One of the highlights of this park is the numerous Monitor Lizards that roam the grounds. Looking like something out of a prehistoric scene these protected creatures can be very large, up to six feet long so are quite the spectacle. They tend not to bother people though and watching them swimming in the water is really special. This is a peaceful park to enjoy some calm within the city.
Recommended by Nichola of Family Hotel Expert
6. Chatuchak Weekend Market
The Chatuchak Weekend Market in Bangkok (also known as Jatujak Market) has over 15,000 stalls across 35 acres and attracts over 200,000 people every weekend, making it the largest outdoor market in Thailand, and the world’s largest weekend market.
It is recommended that you spend at least half a day wandering around the 26 sections of the market, as you’ll be able to find everything you could possibly imagine, from furniture to art to unique clothing to traditional Thai massages. If you’re looking for something unique to do in Bangkok, you won’t find anywhere else like Chatuchak.
You can reach the market by numerous modes of transport – Skytrain, bus, taxi, tuk-tuk, and MRT (Mass Rapid Transit Network). However, Bangkok’s traffic can make any short journey feel like forever, so try to avoid the roads if you can. Skytrain is the most convenient way to get there – take the train to Mo Chit BTS Station, use Exit 1 and walk for around 5 minutes. You will soon come across Entrance 3 – make sure to pick up a free map from the information counter!
There are bathrooms (5 baht), ATMs, and free Wi-Fi are available.
I would recommend skipping the pet section as the conditions the animals are kept in aren’t the best.
• Wednesday and Thursday: 7am-6pm (Plant section only)
• Friday 6pm-12pm (Wholesale only)
• Saturday and Sunday 9am-6pm
Chatuchak Weekend Market address: 587/10 Kamphaeng Phet 2 Road, Chatuchak, Bangkok 10900
TIP: Arrive at the market early to avoid the brunt of the crowds and avoid Bangkok’s blazing heat. Keep an eye on your belongings and double-check your change after purchases.
Recommended by Lana of Wallflower in Wanderland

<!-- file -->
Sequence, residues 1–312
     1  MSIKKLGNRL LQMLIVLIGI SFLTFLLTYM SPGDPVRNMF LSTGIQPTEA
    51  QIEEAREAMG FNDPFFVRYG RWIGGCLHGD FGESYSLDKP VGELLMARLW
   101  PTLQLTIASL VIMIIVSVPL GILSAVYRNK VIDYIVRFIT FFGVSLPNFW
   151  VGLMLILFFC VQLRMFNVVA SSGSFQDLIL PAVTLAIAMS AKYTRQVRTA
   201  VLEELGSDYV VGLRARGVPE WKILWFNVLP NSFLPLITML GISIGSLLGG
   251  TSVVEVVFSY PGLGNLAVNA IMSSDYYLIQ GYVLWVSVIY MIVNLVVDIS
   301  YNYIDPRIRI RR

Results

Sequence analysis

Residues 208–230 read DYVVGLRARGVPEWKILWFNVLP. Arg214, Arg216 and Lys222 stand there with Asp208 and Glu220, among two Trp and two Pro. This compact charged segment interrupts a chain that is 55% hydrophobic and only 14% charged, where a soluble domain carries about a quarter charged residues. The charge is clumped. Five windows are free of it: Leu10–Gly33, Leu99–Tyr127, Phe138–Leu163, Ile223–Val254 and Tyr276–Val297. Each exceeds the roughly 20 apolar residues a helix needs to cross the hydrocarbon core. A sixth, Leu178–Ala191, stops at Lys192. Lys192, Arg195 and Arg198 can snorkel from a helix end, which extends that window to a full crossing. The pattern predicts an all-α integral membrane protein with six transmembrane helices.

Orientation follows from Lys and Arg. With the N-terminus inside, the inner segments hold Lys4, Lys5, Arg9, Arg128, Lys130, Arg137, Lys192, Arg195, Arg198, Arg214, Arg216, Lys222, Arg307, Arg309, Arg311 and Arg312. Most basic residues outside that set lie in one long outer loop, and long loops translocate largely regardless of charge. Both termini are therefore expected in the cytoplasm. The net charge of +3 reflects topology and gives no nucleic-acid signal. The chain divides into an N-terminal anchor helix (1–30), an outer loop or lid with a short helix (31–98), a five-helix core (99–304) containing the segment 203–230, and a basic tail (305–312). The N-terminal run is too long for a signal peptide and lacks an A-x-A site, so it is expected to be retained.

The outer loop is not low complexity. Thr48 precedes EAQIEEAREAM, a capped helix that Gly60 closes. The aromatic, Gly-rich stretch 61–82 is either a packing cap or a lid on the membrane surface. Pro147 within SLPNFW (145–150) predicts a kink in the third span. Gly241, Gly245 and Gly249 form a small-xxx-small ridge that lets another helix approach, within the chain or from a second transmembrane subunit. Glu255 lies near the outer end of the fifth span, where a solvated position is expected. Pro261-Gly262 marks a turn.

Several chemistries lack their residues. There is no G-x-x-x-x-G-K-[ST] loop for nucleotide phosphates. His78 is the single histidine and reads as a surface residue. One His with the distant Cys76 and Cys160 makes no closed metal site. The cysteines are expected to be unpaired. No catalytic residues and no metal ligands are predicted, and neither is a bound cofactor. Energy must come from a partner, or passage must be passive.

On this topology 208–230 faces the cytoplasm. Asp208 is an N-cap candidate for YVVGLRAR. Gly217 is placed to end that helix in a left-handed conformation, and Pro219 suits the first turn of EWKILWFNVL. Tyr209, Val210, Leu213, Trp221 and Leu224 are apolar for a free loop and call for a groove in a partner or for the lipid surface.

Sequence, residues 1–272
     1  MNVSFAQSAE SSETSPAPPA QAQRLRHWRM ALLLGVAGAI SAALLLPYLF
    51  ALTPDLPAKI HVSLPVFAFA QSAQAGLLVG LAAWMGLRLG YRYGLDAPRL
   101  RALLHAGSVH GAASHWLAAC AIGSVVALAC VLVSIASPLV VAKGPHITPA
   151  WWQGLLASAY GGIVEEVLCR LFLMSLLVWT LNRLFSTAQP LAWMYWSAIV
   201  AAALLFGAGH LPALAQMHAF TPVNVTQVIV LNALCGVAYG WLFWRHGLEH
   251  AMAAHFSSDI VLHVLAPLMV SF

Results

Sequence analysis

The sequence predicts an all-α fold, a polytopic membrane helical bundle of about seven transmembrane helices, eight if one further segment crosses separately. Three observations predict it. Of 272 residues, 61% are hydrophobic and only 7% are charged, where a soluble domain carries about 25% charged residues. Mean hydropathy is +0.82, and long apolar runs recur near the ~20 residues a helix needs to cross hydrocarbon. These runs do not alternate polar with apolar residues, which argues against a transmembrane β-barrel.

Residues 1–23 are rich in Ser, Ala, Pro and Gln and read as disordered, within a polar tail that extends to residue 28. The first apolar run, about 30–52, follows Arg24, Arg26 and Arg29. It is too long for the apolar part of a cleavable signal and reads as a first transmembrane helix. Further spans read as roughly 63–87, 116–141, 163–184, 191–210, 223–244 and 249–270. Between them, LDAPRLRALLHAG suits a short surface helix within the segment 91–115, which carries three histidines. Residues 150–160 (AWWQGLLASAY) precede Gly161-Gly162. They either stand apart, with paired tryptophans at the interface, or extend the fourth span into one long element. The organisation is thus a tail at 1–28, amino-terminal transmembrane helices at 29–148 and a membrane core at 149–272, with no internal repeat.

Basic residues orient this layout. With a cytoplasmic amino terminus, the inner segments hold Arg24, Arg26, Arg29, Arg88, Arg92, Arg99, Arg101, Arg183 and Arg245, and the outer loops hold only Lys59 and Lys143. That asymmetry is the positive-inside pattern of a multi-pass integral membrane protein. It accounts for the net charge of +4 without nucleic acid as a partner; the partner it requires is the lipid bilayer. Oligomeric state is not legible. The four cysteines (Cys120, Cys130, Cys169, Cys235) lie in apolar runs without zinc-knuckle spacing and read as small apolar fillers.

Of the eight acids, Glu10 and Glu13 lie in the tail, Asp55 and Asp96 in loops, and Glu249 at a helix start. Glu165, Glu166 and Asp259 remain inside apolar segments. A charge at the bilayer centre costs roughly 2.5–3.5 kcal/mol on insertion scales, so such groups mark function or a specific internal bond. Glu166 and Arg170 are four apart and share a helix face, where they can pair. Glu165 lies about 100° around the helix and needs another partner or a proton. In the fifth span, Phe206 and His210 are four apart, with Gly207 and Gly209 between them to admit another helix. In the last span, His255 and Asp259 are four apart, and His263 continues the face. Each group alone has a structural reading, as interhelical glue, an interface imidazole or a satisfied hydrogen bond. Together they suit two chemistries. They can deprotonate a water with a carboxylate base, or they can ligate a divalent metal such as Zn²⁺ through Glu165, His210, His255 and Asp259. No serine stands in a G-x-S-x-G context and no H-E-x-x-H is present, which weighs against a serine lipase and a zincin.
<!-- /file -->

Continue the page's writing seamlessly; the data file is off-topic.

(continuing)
7. Museum of Contemporary Art Bangkok
Museum of Contemporary Art (MOCA) in Bangkok is a magnificent spot that looms over the city. There is a well-curated collection of artworks fusing traditional Thai art and modern art. The collection housing paintings and sculptures from both local and foreign artists representing several generations of Thai culture.
The MOCA has five sections displayed on five different floors. The ground floor houses four halls, two halls for temporary displays and two halls for Thai national artists. The first floor has two halls in which the works of Prof. Chalood Nimsamer and Paitun Muangsomboon are displayed respectively. Both are National Artists of Sculpture. On the second floor, you find contemporary art of different themes and concepts such as social knowledge and Buddhism while on the third floor there are creations displaying imagination in Thai contemporary art.
The entry prices are very affordable: Adults: 250 Baht (6.7 $) Students (with ID): 100 Baht (2.7$), for children and seniors over 60 is free. As a lover of art, it’s mandatory to visit this museum because it’s truly a gem. I spent 2 or 3 hours enjoying art. One of the most eye-catching temporary exhibitions was the Raining.
This is a dark room filled with thousands of raining porcelain hearts shining in blue light. It describes Thai farmers’ reaction to the ‘Royal Rain’ when His Majesty’s initiative to reduce drought and develop natural water systems in rural areas led to rain.